termination, contained also his remarks upon the famous
charge of Judge Lawless to the Grand Jury.

The crime of which the Judge speaks in his charge,
was thus recorded and noticed in the " Observer."


St. Louis, May 5th, 1835.

The transactions we are about to relate, took place on
Thursday, a week ago, and even yet we have not re-
covered from the shock they gave us. Our hand trembles
as we record the story. The following are the particu-
lars, as nearly as we have been able to ascertain them
from the city papers, and from the relation of those, who
were eye and ear witnesses of the termination of the
awful scene.

On the afternoon of Thursday, the 28th ult., an affray be-
tween two sailors or boatmen took place on the steamboat
landing. Mr. George Hammond, Deputy Sheriff, and
Mr. William Mull, Deputy Constable, in the discharge
of their official duty, attempted to arrest the boatmen, for
a breach of the peace. In so doing they were set upon


by a mulatto fellow, by the name of Francis J. M'Intosh,
who had just arrived in the city, as cook, on board the
steamboat Flora, from Pittsburgh. In consequence the
boatmen escaped, and M'Intosh was arrested for his in-
terference with the officers. He was carried before
Patrick Walsh, Esq., a Justice of the Peace, for this
county, and by him committed to jail, and delivered to
the same officers to be taken thither. On his way he
inquired what his punishment would be, and being told
that it would not be less than five years' imprisonment in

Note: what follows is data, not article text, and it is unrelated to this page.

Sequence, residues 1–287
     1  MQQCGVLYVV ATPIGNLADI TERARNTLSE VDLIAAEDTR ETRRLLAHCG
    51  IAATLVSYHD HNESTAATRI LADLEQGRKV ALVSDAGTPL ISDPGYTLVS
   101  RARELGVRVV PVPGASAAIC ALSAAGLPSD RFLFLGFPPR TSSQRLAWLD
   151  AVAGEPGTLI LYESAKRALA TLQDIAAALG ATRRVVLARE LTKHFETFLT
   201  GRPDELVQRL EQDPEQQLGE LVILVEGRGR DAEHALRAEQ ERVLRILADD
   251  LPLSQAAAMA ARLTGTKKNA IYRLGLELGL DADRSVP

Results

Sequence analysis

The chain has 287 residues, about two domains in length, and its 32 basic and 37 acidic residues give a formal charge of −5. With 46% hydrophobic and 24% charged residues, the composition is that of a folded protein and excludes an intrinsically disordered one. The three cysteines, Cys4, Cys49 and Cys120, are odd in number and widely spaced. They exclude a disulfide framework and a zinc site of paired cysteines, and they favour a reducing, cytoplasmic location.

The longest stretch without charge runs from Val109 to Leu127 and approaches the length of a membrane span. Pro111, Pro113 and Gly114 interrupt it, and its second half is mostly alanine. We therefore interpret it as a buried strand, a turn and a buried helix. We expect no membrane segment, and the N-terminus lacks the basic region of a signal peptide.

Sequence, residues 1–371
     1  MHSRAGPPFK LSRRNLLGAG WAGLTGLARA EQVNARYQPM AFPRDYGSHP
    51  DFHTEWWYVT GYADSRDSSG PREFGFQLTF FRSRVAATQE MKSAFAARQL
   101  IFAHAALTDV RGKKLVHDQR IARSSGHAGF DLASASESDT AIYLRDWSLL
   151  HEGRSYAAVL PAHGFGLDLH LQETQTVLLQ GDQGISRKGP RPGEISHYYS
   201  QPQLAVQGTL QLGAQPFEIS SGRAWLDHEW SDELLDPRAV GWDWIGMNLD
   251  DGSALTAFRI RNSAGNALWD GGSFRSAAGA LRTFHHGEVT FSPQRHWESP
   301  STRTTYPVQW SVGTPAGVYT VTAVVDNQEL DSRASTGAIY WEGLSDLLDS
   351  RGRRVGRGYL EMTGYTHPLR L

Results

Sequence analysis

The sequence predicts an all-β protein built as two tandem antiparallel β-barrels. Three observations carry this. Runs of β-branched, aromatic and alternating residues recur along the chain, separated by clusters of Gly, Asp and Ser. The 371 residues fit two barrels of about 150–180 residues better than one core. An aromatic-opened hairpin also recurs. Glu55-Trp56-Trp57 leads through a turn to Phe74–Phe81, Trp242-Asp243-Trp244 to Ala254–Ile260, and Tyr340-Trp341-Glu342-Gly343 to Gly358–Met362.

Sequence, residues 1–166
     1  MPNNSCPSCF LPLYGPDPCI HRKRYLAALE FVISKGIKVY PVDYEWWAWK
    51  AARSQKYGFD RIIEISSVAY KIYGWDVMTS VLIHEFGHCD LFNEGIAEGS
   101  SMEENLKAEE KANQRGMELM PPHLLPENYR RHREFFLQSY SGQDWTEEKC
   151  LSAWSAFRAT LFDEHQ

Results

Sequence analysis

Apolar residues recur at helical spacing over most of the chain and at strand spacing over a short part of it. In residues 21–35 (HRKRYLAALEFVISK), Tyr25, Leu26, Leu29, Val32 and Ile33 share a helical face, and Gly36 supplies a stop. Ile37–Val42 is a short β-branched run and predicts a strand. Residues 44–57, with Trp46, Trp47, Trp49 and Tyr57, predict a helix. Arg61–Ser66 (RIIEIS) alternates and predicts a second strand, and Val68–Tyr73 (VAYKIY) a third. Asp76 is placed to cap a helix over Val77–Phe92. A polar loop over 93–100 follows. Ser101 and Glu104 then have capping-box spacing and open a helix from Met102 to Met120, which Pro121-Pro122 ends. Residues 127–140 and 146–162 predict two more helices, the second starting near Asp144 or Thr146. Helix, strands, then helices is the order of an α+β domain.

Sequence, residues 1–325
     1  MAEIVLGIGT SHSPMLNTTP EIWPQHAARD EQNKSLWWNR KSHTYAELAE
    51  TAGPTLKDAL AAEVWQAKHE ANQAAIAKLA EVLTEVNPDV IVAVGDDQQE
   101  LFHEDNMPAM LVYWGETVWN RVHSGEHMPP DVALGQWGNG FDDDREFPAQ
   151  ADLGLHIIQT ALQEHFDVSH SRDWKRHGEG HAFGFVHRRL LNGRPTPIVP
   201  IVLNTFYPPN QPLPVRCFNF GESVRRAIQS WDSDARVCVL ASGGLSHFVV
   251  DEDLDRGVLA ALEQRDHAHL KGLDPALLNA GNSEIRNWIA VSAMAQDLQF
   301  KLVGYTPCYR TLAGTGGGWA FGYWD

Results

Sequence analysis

the State Prison, he immediately broke loose from the
officers, drew a long knife and made a desperate blow at
Mr. Mull, but fortunately missed him. Unfortunately,
however, a second blow, aimed with the same savage
violence, had belter success, and struck Mr. Mull in the
right side, and wounded him severely. He was then
seized, by the shoulder, by Mr. Hammond, whereat he
turned and stabbed him in the neck. The knife struck
the lower part of the chin and passed deeply into the
neck, cutting the jugular vein and the larger arteries.
Mr. H. turned from his murderer, walked about sixty
steps, fell and expired ! Mr. M. although dangerously
wounded, was able to pursue the murderer who had fled,
until his cries alarmed the people in the vicinity. They
turned out, and without much difficulty secured the blood-
thirsty wretch and lodged him in jail.

The bloody deeds of which M'Intosh had been guilty
soon became known through the city ; and crowds col-
lected at the spot, where the body of Mr. Hammond lay
weltering in its blood. The excitement was intense,
and soon might be heard above the tumult, the voices of a
few, exhorting the multitude to take summary vengeance.
The plan and process of proceeding were soon resolved
on. A mob was immediately organized and went for-


ward to the jail in search of their victim. The Sheriff,
Mr. Brotherton, made some attempts to oppose their
illegal violence. Apprehensive for the fate of his family,
who occupied a portion of the jail building, he then re-
tired taking them along with him to a place of safety.
Another of our fellow-citizens courageously attempted to
reason with the angry mob, and to stay them from their
fearful proceedings. When, however, ' he saw that he
could prevail nothing, but that rather a tumult was made,'
being himself threatened with violence, he was compel-
led to retire from the place and leave the enraged multi-
tude to do their work. All was done with the utmost
deliberation and system, and an awful stillness pervaded
the scene, broken only by the sound of the implements
employed in demolishing the prison doors. Those who
have read Scott's description of the Porteus' mob,, as
given in the Heart of Mid Lothian, will have an accurate
idea of the manner of proceeding at the jail, on Thursday
night. All was still ; men spoke to each other in whis-
pers, but it was a whisper which made the blood curdle
to hear it, and indicated the awful energy of purpose, with
which they were bent upon sacrificing the life of their
intended victim. Armed persons were stationed as guards
to protect those engaged in breaking down the doors.